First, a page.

Paeans to Teachers, Mothers, and Ancient Civlizations

Mike Simpson, chief editor of Second Wind Publishing, posted a blog today about the heroism of the teachers of Moore Oklahoma using their bodies in an effort to protect their students from the wrath of nature, and teachers of Sandy Hook Elementary in Newtown, Connecticut, trying to shield their students from a gunman. He says, “Can you imagine such fierce love, such a totally unreserved willingness to perish for the children they taught? Servicemen and women go to combat knowing that they may be killed or desperately wounded. In the face of that, our nation recognizes their courage and lauds them with high honors—rightly so. Yet when a teacher goes into a classroom intending to impart a daily dose of education to a group of children and ends up putting herself or himself in the path of death for the sake of those kids, I ask myself: is there any individual anywhere who should be more highly honored? In moments of crisis and tragedy, our truest selves emerge. And if we ever wanted to know the “stuff” of which the teachers of Moore and Newtown are made, we found out with perfect clarity.”

“Where the Wind Comes Whistling Down the Plains, Teacher” by Mike Simpson is a blog post worth reading.

While you’re at the Second Wind blog, check out Mother’s Day 2013 by J. Conrad Guest and A Day in Turkey with the Hittites by Mickey Hoffman. Mickey’s travelogues are among the best I have seen/read, making me feel as if I were in these exotic places with her.

And, what the heck, while you’re there, you might as well also check out What is Your Character’s Favorite Color? — by Pat Bertram. It’s an older post, doesn’t really fit in with the theme of this article of paeans, but it is a perennial favorite of the Second Wind blog readers, so that’s sort of a paean.


Pat Bertram is the author of the suspense novels Light Bringer, More Deaths Than One, A Spark of Heavenly Fire, and Daughter Am I. Bertram is also the author of Grief: The Great Yearning, “an exquisite book, wrenching to read, and at the same time full of profound truths.” Follow Pat on Google+. Like Pat on Facebook 

Giving Readers a Stake in Your Story

jockeyI don’t like stories about gambling. They set my teeth on edge because of the inevitable slough of despair the character falls into when the addiction gets the better of him. Despite that, Let It Ride is one of my favorite movies, probably because although the story takes place at Hialeah amid the horse racing culture, it is not a movie about gambling. It’s the story of how the forces of the universe align to give Jay Trotter (Richard Dreyfuss) one perfect day, and how he had the courage to accept the gift.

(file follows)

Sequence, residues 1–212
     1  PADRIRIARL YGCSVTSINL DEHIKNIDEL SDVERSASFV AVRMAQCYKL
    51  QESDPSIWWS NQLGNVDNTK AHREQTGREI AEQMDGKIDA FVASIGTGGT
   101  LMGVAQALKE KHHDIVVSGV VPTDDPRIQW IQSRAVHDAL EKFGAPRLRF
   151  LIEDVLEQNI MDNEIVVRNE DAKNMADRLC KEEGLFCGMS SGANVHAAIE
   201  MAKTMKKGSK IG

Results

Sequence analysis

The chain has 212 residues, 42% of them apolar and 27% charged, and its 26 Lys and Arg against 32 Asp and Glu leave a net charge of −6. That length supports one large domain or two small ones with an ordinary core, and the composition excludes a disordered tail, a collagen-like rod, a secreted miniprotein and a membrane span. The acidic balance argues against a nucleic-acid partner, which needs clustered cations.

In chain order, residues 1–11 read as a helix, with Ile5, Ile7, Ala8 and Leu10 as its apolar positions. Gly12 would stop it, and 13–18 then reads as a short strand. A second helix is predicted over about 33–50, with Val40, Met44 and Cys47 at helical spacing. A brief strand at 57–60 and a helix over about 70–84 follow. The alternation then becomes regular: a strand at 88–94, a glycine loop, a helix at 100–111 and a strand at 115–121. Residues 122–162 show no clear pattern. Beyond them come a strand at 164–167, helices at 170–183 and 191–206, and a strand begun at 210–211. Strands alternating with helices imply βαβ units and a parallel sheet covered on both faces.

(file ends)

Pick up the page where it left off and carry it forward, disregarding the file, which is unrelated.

My favorite lines are when Pam (Teri Garr) says, “I don’t know why people have to gamble. Why can’t they just watch the horses run?” Trotter responds, “Without gambling, there is no horse racing.”

I’m with Pam — someday I’d like to go to a racecourse and watch the horses run, but I can also see why there is no horseracing without gambling. First, there would be no income, and second, no one but those directly involved — racecourse owners, horse owners, trainers, and jockeys — would have any stake in the matter. Gambling gives anyone who has the price of a bet a stake in the outcome of the race.

This is similar to writing — if an author doesn’t give readers a stake in the outcome of the story, then there is no reason for anyone to read the book. Since there is no gamble when it comes to a book (well, except for the gamble of whether the reader will enjoy it or whether they will feel cheated for having wasted the money) the stake has to be an emotional one. For example, Kendra, the main character in Mickey Hoffman’s mystery, School of Lies, is a special education teacher in an inner city school. The book’s true-to-life atmosphere is appealing to anyone who enjoys mystery and mayhem, but it’s especially appealing to special education teachers. Special education teachers — or any teacher — who have been in similar schools and situations perhaps wish they could have said the same things or done the same things Kendra did, which gives them a stake in the outcome of her dilemma. Of course, anyone who ever went to high school would also have a stake in the story, if for no other reason than to see the truth of what they suspected — that much intrigue was going on behind the scenes.